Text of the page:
from Wikipedia, the free encyclopedia

In anatomy, the mesentery (plural: mesenteries ) is a fold of the coelom wall ( mesoderm ) in which the intestine is suspended in most animals ( coelomata ) . Mesenteries, also called sarco septa , are the partitions inside polyps that divide the gastric space . There are four mesenteries in each of the polyps of the Scyphozoa . Among the flower animals (Anthozoa) there are eight mesenteries in the Octocorallia and six or a multiple of six in the Hexacorallia .

Mesentery in humans and mammals

In humans and other mammals, the mesentery, also called mesentery , in the broader sense denotes all peritoneal duplicates (folds of the peritoneum ) on the small and large intestines. In this case, the coelom wall is the peritoneum. In the narrower sense, the term mesentery only refers to the mesentery of the jejunum and ileum . Three major mesenteries can be distinguished in the human small and large intestine:

  • Mesentery in the narrower sense, also called the meso ,
  • Mesocolon transversum ,
  • Mesocolon sigmoideum , also called the mesosigmoideum .

Smaller mesenteries can be found on the appendix of the appendix ( mesoappendix ) and on the cranial (upper) section of the rectum ( mesorectum ).

In the quadruped mammals, however, far more sections of the intestinal canal are intraperitoneally. In the Nomina Anatomica Veterinaria , the veterinary anatomical nomenclature, a distinction is made between:

  • Mesoduodenum
  • Mesentery with radix mesenterii ( mesenteric root), mesojejunum and mesoileum
  • Mesocolon with mesocolon ascendens , mesocolon transversum , mesocolon descendens and mesocolon sigmoideum
  • Mesorectum

Mesenteries in Embryology

In the area of ​​the caudal foregut

Basically, all organs of the abdomen and pelvis have a dorsal mesentery. However, the stomach and pars superior of the duodenum (section of the small intestine) have an additional, ventral mesentery, the mesogastricum ventral and the mesoduodenum ventral . Oxygen-rich blood passes through this mesentery via the umbilical vein to the liver and the inferior vena cava of the embryo. In addition, because of this mesentery, the abdominal cavity is divided into two in the area of ​​the stomach and duodenum.

From the epithelium of the duodenum, some organs eventually develop into the mesenteries of the duodenum and stomach:

  • the liver and the biliary tract in the mesoduodenum ventral to the mesogastricum ventral
  • the ventral pancreatic anlage in the mesoduodenum ventral
  • the dorsal pancreas anlage in the mesoduodenum dorsale

The spleen, on the other hand, develops in the 5th week of development from the mesenchyme of the retroperitoneal space and migrates into the dorsal mesogastrium . Due to the rapid growth of the liver and spleen in the embryonic organism Mesogastricum ventral and dorsal then additionally at the level of the liver in a Mesohepaticum ventral and Mesohepaticum dorsal and at the level of the spleen in a ventral Mesosplenicum and Mesosplenicum dorsal divided.

In the midgut area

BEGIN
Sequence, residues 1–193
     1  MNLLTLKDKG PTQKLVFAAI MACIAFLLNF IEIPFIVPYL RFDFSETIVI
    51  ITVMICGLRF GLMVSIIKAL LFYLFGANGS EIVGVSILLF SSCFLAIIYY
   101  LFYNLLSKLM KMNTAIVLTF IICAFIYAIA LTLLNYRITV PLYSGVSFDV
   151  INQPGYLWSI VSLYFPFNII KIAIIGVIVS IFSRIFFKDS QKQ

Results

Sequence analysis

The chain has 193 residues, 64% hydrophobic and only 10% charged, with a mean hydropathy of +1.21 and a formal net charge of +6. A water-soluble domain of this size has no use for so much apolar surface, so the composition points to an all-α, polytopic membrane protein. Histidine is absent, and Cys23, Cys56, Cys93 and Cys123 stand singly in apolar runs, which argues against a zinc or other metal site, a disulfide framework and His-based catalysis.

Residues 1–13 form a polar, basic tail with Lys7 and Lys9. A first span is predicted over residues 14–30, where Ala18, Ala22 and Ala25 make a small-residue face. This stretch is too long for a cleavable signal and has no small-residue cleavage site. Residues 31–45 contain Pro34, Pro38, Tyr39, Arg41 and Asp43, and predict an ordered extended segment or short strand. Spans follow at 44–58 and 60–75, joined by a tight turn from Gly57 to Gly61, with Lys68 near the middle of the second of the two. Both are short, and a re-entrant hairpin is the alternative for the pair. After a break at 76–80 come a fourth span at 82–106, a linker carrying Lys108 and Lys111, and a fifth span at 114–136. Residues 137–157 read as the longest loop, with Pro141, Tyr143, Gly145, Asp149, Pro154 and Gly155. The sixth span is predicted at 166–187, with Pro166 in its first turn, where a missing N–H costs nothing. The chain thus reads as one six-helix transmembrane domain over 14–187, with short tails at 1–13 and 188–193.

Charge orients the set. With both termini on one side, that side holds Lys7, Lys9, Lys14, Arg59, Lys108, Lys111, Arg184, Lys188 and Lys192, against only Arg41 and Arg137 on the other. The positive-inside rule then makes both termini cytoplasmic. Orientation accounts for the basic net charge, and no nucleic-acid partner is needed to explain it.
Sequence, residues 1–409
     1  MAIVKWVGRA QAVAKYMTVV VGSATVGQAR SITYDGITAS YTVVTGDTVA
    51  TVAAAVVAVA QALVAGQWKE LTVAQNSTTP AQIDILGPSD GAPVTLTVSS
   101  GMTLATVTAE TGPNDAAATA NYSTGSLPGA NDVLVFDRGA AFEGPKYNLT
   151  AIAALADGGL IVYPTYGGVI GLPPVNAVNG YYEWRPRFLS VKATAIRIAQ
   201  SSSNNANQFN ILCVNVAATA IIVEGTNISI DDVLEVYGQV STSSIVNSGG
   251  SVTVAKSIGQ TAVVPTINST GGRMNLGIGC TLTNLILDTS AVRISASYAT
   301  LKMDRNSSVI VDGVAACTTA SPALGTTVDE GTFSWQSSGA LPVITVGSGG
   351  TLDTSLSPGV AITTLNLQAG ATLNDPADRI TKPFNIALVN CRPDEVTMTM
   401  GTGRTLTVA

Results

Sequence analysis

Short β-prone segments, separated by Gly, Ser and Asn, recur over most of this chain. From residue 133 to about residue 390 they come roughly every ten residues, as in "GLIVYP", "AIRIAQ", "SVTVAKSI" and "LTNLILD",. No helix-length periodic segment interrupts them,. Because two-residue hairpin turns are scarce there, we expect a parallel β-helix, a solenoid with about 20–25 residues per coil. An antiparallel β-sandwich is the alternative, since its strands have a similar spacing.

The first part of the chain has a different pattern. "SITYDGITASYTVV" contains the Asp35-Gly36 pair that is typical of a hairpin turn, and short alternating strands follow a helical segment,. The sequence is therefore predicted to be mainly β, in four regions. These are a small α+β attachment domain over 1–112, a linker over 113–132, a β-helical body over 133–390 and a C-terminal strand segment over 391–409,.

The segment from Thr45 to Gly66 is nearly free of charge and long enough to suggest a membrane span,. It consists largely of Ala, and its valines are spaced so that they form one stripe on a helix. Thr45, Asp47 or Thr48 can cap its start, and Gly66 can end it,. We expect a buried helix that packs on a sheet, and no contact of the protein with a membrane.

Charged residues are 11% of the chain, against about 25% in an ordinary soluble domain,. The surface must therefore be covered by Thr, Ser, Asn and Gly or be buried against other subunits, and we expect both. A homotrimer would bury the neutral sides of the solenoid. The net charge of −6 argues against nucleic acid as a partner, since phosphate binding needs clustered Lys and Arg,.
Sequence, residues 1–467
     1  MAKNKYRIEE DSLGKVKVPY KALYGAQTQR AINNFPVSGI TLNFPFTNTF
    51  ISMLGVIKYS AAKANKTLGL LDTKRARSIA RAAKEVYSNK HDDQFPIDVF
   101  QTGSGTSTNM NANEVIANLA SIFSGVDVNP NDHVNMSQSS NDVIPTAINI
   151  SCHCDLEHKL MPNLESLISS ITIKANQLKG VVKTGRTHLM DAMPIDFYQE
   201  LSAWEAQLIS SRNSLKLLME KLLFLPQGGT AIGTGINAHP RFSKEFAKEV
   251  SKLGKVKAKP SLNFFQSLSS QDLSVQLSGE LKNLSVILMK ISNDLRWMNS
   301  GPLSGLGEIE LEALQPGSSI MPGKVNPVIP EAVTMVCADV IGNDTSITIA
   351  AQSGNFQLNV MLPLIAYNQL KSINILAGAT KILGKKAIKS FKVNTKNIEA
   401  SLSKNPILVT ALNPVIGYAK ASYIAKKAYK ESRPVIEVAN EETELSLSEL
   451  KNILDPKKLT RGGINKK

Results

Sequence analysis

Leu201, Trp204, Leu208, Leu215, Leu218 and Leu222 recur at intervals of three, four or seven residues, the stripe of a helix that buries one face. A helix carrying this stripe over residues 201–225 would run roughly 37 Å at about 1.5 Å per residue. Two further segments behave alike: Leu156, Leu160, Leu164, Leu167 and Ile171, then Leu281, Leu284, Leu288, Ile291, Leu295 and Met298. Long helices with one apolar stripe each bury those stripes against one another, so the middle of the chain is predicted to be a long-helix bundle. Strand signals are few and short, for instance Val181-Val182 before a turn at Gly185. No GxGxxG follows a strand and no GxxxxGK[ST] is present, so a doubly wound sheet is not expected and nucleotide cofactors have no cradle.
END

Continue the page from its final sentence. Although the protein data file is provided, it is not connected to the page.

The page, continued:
In this area of ​​the intestinal tube, the rotation of the umbilical loop is of primary importance. The intestinal tube grows strongly and finally reaches the umbilical coelom, so that it forms a loop, the umbilical loop. This loop - initially sagittal , i.e. vertical - is now rotated by 90 ° so that the upper part on the right and the lower part on the left come to rest. The loop is now set horizontally. This rotation of the umbilical loop takes place in the yolk sac; this is also known as the physiological umbilical hernia .

Since the cranial part of the intestinal tube grows significantly faster than the caudal one, the umbilical loop initially forms a few loops in the umbilical coelom and then expands further into the yolk sac because there is no longer any space within the amniotic cavity.

She now continues to rotate the umbilical loop on its own axis. The former lower part of the intestinal tube is now further cranial than the former upper part. The intestinal loops are now shifted back into the embryo, where they are then located in the left half of the abdominal cavity - framed by the transverse and descending colon. If the relocation of the relocated intestinal loops does not take place or only partially, one speaks of an omphalocele . Finally, the caecum grows downwards and an ascending colon is formed, so that the total rotation of the umbilical loop from the original position is 270 °.

It is of crucial importance for the mesenteries that the ascending and descending colon are pushed backwards due to the strong growth of the ileum and jejunum, that their mesenteries grow together with the parietal peritoneum and that they become retroperitonealized. The transverse colon, on the other hand, lies in front of the loops of the small intestine and retains its mesentery, the transverse mesocolon . The ileum and jejunum also retain their mesenteries, which are also called mesos for short .

See also


  • Michael Schünke , Erik Schulte , Udo Schumacher : Prometheus - learning atlas of anatomy. Internal organs . 4th edition. Thieme, Stuttgart, New York 2015, ISBN 978-3-13-139534-4 , pp. 42, 43, 366, 367 .
  • Calvin Coffy, Peter O'Leary: The mesentery: structure, function, and role in disease , The Lancet: Gastroenterology & Hepatology, Volume 1, 2016, pp. 238-247.

Individual evidence

  1. Nomina Anatomica Veterinaria , 4th Edition, 1994, p. 57.